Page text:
From the first description of Atelier Tron I ever posted on Instagram, the phrase “sustainable brand” was side by side with the name of the studio. I actually had a set of principles - that we still use, promote and follow - that I posted as a first Facebook post.
My commitment to myself was that I will not start this studio without thinking of how the materials we’re going to use are impacting the overall health of our environment, what happens to the objects we’re creating after we sell them, and how can we educate towards a better understanding of the importance of these practices. It was quite clear to me that designing and manufacturing makes no sense without thinking in sustainable terms, as using materials comes with the responsibility of understanding their environmental impacts.
I was naive - I know - everybody told me I was reaching for the impossible since a small brand with limited resources has little to no impact on the reality of the situation. And it’s true, but my faith was and still is that keeping a promise, having patience and slowly growing from being start up to having an important voice is not impossible.
We admit that being sustainable is extremely hard - that’s why we constantly have to choose the best option we can find in order to have a responsible approach to design and production. This article aims to explain our beliefs and how we include them in our process, what compromises we have to make and what are our hopes of improving in the future.
First of all - let's define sustainability. The word “sustainability” has a lot of prejudice around it lately because of its overuse and also because of the fact that “being sustainable” has become a trend and a lot of brands abuse it in order to gain public.
The World Commission on Environment and Development defines it as “an approach to meet the needs of the present without compromising the ability of future generations to meet their needs”.
The Global Development Research Centre states sustainability means “maintaining a delicate balance between the human need to improve lifestyles and feeling of well-being on one hand, and preserving natural resources and ecosystems, on which we and future generations depend”.
So basically what we are dealing with is a way of meeting peoples’ needs, well-being or improved lifestyle (through design and production in our case) without damaging the planet as far as compromising the lives of future generations. Sounds pretty reasonable if you put it in these words, right?
I have to quote one of my favourite and one of the first advocates of sustainability in the textile industry, environmentalist and the founder of Patagonia - Yvonne Chouinard - and also deeply recommend his book, Let My People Go Surfing, which is actually "the story of a man who brought doing good and having grand adventures into the heart of his business”:
There is no such thing as sustainability. The best we can do is cause the least amount of harm.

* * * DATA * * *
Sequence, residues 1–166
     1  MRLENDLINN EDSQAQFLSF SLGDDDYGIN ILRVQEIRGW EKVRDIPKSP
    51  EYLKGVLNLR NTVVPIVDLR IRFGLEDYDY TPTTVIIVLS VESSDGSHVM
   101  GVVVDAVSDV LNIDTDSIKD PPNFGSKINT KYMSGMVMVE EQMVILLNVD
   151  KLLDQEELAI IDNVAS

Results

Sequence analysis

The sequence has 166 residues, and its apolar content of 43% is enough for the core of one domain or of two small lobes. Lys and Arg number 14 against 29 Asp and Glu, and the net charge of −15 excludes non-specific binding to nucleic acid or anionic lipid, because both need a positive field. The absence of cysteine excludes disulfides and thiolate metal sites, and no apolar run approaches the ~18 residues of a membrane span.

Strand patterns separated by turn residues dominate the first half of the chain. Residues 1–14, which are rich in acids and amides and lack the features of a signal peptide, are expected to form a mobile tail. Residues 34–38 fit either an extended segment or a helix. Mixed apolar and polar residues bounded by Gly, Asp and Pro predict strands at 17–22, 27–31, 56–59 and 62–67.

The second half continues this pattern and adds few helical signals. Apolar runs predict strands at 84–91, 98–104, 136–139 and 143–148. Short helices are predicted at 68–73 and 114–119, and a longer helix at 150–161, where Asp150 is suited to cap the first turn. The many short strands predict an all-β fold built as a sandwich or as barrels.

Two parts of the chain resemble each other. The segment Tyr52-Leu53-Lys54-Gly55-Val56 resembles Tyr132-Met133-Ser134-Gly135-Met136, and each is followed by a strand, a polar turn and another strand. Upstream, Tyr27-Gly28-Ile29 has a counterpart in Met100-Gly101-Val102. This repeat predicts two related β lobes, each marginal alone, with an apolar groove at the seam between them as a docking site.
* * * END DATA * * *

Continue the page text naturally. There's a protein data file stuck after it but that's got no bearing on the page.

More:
And that is exactly what we want to do. How do we do that?
We use 100% natural materials - we encourage the use of natural materials in everyday use for two reasons: they are the healthiest option for your skin and they are biodegradable. Our goal is to use certified and organic materials by 2022, but until then we go with the second best option: locally produced hemp, linen and cotton.
We use and promote natural dyeing - natural dyeing is not (yet) a scalable process in the textile industry, but using it for one of a kind pieces is a starting point. In the process we only use plants and mordants that are not harmful for the environment. Even more, the clothes we make using this process are gentle for the skin. We believe in slow design and we can guarantee that we follow our beliefs as natural dyeing requires a lot of patience and synchronicity with the nature.
We share knowledge - recovering crafts like natural dyeing or reviving the craft of sewing came natural in our studio once we decided we have gathered enough knowledge that we are able to give it back. Responsibility also comes from the small things we can do at home - like fixing a broken piece of clothing or up-cycling an old T-shirt by changing its colour using plant based dyes - which we want to embed into our customers’ habits. Our workshops are currently postponed due to the pandemic, but we’re working on our online sharing platform that we hope to be available soon.
We have fair prices - we don’t encourage “shopping as a therapy” or splurging on cheap things; someone or something somewhere is paying the price for you to get cheap things, that is a fact. We try to be as transparent as possible with our pricing and although we do understand that sometimes our products are not easily affordable, we assure you that the prices come from fairly paying for the materials, production and handling of our objects. Most of them are made to order - so don’t forget that's a rare diamond in today’s industry. Consume consciously and ask yourself why are you buying something before you do.
We aim to create a space for random acts of kindness - for yourself, your loved ones and your planet. And that is one step forward to making the world a better place.
We encourage you to do the same: try and do as little harm as possible. Everyone has his own way of thinking of the environment and caring for it- you can stop using plastic or at least try to avoid plastic packaging; you can eat less meat or if you think it’s good for you - go vegan; you can stop buying fast fashion or at least stop buying clothes made of different types of plastic (like polyester or polyamide or nylon). It is the small steps that actually matter and all of them are important. It’s easier to start small than commit to things that are too hard to follow - take it easy, riding to work by bike once a week is as important as any other commitment to being good to the planet.